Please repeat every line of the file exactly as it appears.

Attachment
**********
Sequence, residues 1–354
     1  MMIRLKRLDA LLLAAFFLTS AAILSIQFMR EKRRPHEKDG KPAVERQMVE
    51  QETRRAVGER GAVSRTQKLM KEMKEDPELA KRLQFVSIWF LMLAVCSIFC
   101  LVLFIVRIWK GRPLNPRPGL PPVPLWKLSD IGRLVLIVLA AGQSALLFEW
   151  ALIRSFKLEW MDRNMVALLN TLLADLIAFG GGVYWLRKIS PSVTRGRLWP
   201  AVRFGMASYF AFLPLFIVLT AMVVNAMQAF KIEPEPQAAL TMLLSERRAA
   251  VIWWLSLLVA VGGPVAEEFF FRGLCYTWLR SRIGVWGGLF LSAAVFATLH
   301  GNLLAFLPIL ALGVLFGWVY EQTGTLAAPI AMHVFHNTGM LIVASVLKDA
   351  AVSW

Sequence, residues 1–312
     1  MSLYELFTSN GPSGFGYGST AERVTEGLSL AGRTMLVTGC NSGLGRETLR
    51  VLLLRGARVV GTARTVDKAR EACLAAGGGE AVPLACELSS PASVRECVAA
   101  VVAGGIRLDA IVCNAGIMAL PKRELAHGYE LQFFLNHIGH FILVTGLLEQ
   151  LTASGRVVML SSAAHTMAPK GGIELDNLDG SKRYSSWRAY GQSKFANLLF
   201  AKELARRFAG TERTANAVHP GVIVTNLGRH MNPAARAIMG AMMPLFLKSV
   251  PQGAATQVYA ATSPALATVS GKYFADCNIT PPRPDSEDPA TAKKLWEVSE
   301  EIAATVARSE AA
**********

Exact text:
Sequence, residues 1–354
     1  MMIRLKRLDA LLLAAFFLTS AAILSIQFMR EKRRPHEKDG KPAVERQMVE
    51  QETRRAVGER GAVSRTQKLM KEMKEDPELA KRLQFVSIWF LMLAVCSIFC
   101  LVLFIVRIWK GRPLNPRPGL PPVPLWKLSD IGRLVLIVLA AGQSALLFEW
   151  ALIRSFKLEW MDRNMVALLN TLLADLIAFG GGVYWLRKIS PSVTRGRLWP
   201  AVRFGMASYF AFLPLFIVLT AMVVNAMQAF KIEPEPQAAL TMLLSERRAA
   251  VIWWLSLLVA VGGPVAEEFF FRGLCYTWLR SRIGVWGGLF LSAAVFATLH
   301  GNLLAFLPIL ALGVLFGWVY EQTGTLAAPI AMHVFHNTGM LIVASVLKDA
   351  AVSW

Sequence, residues 1–312
     1  MSLYELFTSN GPSGFGYGST AERVTEGLSL AGRTMLVTGC NSGLGRETLR
    51  VLLLRGARVV GTARTVDKAR EACLAAGGGE AVPLACELSS PASVRECVAA
   101  VVAGGIRLDA IVCNAGIMAL PKRELAHGYE LQFFLNHIGH FILVTGLLEQ
   151  LTASGRVVML SSAAHTMAPK GGIELDNLDG SKRYSSWRAY GQSKFANLLF
   201  AKELARRFAG TERTANAVHP GVIVTNLGRH MNPAARAIMG AMMPLFLKSV
   251  PQGAATQVYA ATSPALATVS GKYFADCNIT PPRPDSEDPA TAKKLWEVSE
   301  EIAATVARSE AA